Trevor continued by adding, “On page 135 of Radiant Health, Dr. Peskin states, ‘Many people are familiar with the notion that “too much” protein causes harm to the kidneys. This mistake appears to have been based on analyzing diabetic patients and drawing a wrong conclusion. The real cause of their problem was high glucose levels causing proteins to become surrounded by glucose molecules (glycosylation). This causes abnormal protein spillover into the urine. Normally, the blood proteins are repelled by the kidney’s pores and don’t overflow into the urine.’

‘When the same tests were performed on subjects with normal blood glucose levels, there is no change in kidney filtration rates,’ Dr. Peskin concluded.

Trevor has done a lot of reading and research about essential fatty acids (EFA’s).

“I am diabetic,” Trevor said. “Since I have been following the Radiant Health program and replacing the deficient EFA’s, my blood glucose levels have been just perfect. The only risk to my kidneys was from carbohydrates, most certainly not from protein. EFA’s in my system stop me from wanting to eat too much. I am able to listen to my body and only eat when I am hungry. I have broken the eat crave, eat crave cycle by reducing carbohydrates, increasing proteins, and replacing EFA’s.”

“Essential fatty acids are vital to the cells’ outer coating, maintaining its integrity and protecting against disease and environmental toxins. They are also vital to maintain the immune system and protect against heart disease. EFA’s are the building blocks of all the hormones in the body.”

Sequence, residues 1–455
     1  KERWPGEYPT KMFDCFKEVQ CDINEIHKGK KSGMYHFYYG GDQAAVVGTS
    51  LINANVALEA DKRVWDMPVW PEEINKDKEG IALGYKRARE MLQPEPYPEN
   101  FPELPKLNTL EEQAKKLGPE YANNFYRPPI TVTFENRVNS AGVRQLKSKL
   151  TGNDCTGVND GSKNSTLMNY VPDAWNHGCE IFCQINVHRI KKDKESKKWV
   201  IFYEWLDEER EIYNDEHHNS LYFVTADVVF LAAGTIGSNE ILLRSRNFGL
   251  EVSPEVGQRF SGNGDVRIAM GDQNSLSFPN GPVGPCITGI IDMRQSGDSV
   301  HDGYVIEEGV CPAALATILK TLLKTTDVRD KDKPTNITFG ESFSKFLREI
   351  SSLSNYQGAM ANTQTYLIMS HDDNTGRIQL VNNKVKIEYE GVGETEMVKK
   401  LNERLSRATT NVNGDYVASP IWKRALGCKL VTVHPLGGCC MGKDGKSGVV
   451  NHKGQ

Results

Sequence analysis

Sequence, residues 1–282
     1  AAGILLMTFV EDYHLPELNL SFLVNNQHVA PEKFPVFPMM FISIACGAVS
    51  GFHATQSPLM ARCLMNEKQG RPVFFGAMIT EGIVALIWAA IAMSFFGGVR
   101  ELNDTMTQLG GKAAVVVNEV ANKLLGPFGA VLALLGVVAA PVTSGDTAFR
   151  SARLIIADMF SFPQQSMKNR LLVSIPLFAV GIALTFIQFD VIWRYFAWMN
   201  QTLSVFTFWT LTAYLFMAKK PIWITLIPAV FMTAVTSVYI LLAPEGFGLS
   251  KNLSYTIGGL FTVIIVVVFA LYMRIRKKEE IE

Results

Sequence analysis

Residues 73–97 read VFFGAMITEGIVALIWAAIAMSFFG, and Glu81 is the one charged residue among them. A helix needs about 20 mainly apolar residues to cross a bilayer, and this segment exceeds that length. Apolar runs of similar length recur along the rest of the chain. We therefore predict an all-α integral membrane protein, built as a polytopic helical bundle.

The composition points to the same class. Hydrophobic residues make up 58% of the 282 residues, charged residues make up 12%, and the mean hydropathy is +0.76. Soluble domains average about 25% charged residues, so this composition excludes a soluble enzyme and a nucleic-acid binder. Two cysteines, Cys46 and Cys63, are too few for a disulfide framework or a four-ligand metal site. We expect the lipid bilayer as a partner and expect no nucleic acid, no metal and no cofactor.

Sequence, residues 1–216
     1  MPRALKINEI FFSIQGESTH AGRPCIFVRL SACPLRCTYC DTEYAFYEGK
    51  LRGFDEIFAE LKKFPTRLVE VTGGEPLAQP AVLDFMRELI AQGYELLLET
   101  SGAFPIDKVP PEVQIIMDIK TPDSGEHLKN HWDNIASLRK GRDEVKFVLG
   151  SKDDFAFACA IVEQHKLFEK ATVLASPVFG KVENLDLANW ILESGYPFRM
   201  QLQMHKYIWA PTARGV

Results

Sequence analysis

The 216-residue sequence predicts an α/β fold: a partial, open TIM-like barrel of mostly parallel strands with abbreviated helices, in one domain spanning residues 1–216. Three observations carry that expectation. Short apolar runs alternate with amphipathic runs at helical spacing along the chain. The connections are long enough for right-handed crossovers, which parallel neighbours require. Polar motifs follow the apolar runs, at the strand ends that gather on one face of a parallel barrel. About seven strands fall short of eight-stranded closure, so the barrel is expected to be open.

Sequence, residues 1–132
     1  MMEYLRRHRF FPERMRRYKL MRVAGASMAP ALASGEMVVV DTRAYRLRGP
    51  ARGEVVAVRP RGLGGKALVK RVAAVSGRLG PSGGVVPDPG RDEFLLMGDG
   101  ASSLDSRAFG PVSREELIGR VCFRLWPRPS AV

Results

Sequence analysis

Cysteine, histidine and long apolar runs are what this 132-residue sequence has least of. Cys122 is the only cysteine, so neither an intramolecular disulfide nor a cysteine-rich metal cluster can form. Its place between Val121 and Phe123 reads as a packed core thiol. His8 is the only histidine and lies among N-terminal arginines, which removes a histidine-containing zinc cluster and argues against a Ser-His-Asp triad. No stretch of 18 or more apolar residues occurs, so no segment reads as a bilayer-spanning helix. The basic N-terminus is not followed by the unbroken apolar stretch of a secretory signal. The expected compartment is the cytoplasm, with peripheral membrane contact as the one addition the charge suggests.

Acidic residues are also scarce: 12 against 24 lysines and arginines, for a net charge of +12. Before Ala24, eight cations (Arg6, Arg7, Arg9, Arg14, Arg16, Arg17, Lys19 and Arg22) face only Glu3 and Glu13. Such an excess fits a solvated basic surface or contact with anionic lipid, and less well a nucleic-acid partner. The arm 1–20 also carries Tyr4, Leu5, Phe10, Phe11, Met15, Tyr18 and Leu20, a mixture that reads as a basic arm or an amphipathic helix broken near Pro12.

“Having EFA’s in your system helps to prevent food cravings.” Trevor adds “This is, of course, combined with the low carbohydrate way of life. EFA’s will improve the elasticity in the arteries and protect the arterial wall against damage. This is, I believe, what has helped to lower my blood pressure, and along with a low carbohydrate way of eating, has reduced my blood glucose levels to being normal.

“Cosmetically, EFA’s will help eliminate cellulite and improve the elasticity of the skin, reducing the adverse effects of too much sun. Not that I get too much sun in England!” he chuckled.

Getting His Essential Fatty Acids (EFA’s)

“It is not quite correct to say that the essential fatty acids (EFA’s) only come from plant sources. Certainly, the best sources of EFA come from the seeds of borage, sunflower, pumpkin, sesame, and such like, but EFA’s can also be obtained from oily fish. The problem with extracting oil from oily fish is they do not have an oil gland. Therefore, the oil is extracted by macerating the whole fish and chemically extracting the oil. This leaves traces of solvents etc., in the fish oil.”